Between the sharp increases in liquidity, bailouts and rising government debt, the market system may well be approaching its own evolutionary leap that could in turn result in its own series of vestigial organs. As with nature, it is in the most inflexible of areas that one would expect to see vestigial organs show up: sure enough, the first area is Europe.

Greece as the appendix of Europe
On an evolutionary basis, changing the direction of fluids and flows creates ideal conditions for the sudden de-selection of species; and within species, the actual use and function of organs. In much the same way, sea changes in economic and trade flows would most likely create ideal conditions for new vestigial organs. The significant decline of the euro against the US dollar this week was the direct result of the difficulties being envisaged for the refinancing of Greek debt in the next few months.

As Martin Wolf wrote in the Financial Times dated January 19:
The Greek government has promised to slash its fiscal deficit from an estimated 12.7 per cent of gross domestic product last year to 3 per cent in 2012. Is it plausible that this will happen? Not very. But Greece is merely the canary in the fiscal coal mine. Other eurozone members are also under pressure to slash fiscal deficits. What might such pressure do to vulnerable members, to the eurozone and to the world economy?

Having falsified its figures for years, violating the trust of its partners, Greece is in the doghouse. Yet, even if it bears much of the blame, the task it is undertaking is huge. In particular, unlike most countries with massive fiscal deficits - the UK, for example - Greece cannot offset the impact of fiscal tightening by loosening monetary policy or depreciating its currency.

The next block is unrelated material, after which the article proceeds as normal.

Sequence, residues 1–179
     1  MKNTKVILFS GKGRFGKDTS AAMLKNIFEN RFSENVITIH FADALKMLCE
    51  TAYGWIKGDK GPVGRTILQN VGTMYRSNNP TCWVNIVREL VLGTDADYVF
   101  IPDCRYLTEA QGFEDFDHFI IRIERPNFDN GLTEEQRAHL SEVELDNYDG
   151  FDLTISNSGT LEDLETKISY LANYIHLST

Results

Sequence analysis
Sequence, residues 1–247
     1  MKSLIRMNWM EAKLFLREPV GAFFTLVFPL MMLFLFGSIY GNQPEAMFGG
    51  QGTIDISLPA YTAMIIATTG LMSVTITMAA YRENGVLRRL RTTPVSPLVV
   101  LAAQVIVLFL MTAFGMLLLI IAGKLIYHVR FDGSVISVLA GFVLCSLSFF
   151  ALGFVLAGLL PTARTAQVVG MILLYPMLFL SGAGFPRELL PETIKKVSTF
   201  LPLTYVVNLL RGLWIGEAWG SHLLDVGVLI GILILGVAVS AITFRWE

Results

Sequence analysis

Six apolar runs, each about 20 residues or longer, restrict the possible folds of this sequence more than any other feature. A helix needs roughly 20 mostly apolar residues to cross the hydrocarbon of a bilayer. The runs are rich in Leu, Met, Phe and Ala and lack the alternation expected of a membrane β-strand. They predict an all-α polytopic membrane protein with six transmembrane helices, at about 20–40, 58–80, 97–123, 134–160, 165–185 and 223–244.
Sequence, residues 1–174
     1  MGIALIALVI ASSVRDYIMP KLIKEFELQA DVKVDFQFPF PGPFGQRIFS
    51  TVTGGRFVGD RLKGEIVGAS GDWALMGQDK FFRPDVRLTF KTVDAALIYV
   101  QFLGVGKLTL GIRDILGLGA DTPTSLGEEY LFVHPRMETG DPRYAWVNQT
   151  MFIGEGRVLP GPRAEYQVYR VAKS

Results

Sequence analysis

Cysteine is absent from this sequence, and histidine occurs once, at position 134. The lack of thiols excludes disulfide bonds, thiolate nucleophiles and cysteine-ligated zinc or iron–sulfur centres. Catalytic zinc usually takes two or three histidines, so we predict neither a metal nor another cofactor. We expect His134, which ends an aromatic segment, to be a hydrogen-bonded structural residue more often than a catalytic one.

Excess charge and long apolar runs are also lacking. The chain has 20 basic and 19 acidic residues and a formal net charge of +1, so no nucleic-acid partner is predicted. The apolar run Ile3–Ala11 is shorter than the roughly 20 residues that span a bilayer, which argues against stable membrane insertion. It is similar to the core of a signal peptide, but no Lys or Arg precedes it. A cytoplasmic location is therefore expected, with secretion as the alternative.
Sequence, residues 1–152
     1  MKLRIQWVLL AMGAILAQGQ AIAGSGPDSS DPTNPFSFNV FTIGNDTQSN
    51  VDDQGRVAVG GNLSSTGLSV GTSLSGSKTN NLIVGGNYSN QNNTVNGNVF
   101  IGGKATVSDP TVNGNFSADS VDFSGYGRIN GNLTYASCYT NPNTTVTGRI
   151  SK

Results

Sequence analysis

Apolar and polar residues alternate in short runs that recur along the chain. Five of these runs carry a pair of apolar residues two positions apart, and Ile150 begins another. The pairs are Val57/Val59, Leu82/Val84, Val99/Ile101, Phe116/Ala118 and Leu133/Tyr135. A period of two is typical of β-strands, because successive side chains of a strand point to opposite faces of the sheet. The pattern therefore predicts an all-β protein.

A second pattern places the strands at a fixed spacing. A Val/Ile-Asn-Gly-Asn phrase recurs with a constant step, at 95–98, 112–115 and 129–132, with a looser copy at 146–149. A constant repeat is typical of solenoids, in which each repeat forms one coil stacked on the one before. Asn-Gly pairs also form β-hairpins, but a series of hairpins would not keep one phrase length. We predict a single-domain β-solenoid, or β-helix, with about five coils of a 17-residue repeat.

... Given these tight constraints, a big structural fiscal tightening will generate a deep recession. That is sure to increase the cyclical deficit. Assume, cautiously, that for every percentage point of structural tightening there would be 0.2 points of offsetting fiscal deterioration. Then the structural tightening needed to reduce the actual deficit to 3 per cent of GDP [gross domestic product] would be close to 12 percentage points. The Greek government would find that, for every step it takes forward, it would slip a bit backwards. So far Greece has not suffered a significant recession. That seems sure to change. The government will soon be facing miserable public and private sectors, with no policy levers.

... Meanwhile, the eurozone as a whole, having lost its erstwhile internal demand engines, must now hope for faster growth of net exports. So do countries hit by the financial shock, such as the UK and US. So, too, does recession-hit Japan. So, not least, does China. Either the rest of the world has a spending binge, or these countries - which make up 70 per cent of the world economy - are going to be disappointed.
The drama though had hardly begun. As was reported on Wednesday evening this week (January 27) by the Financial Times:
The yield spread between 10-year Greek bonds and benchmark German Bunds widened dramatically on Wednesday, by almost 0.7 percentage points at one point, in what one trader called a "capitulation" to sellers worried about Greece's ability to refinance its debt.

The mayhem unfolded after Greece denied it had given a mandate to Goldman Sachs, the US investment bank, to sell government debt to China. Greek 10-year bond yields closed at 6.70 per cent, 0.48 percentage points up on the day.

The Financial Times reported on Wednesday that Athens was wooing Beijing to buy up to 25bn (US$34.8 billion) of government bonds in a deal promoted by Goldman. China had not yet agreed to such a purchase, the FT said.